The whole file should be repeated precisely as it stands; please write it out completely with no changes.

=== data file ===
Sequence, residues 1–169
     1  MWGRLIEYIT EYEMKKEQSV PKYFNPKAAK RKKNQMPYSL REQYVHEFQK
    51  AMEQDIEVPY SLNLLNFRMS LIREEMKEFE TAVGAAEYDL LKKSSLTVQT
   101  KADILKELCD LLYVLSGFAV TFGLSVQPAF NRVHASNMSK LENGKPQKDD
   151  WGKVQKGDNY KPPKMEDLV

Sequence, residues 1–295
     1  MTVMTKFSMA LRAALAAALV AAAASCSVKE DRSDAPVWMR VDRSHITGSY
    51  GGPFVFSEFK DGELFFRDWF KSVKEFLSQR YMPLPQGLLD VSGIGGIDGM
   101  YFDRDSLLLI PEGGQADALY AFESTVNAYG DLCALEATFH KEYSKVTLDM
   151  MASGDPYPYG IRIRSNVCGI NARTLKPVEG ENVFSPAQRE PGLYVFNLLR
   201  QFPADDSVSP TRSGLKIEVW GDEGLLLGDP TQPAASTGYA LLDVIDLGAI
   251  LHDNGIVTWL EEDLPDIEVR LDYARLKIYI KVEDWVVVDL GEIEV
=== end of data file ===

Sequence, residues 1–169
     1  MWGRLIEYIT EYEMKKEQSV PKYFNPKAAK RKKNQMPYSL REQYVHEFQK
    51  AMEQDIEVPY SLNLLNFRMS LIREEMKEFE TAVGAAEYDL LKKSSLTVQT
   101  KADILKELCD LLYVLSGFAV TFGLSVQPAF NRVHASNMSK LENGKPQKDD
   151  WGKVQKGDNY KPPKMEDLV

Sequence, residues 1–295
     1  MTVMTKFSMA LRAALAAALV AAAASCSVKE DRSDAPVWMR VDRSHITGSY
    51  GGPFVFSEFK DGELFFRDWF KSVKEFLSQR YMPLPQGLLD VSGIGGIDGM
   101  YFDRDSLLLI PEGGQADALY AFESTVNAYG DLCALEATFH KEYSKVTLDM
   151  MASGDPYPYG IRIRSNVCGI NARTLKPVEG ENVFSPAQRE PGLYVFNLLR
   201  QFPADDSVSP TRSGLKIEVW GDEGLLLGDP TQPAASTGYA LLDVIDLGAI
   251  LHDNGIVTWL EEDLPDIEVR LDYARLKIYI KVEDWVVVDL GEIEV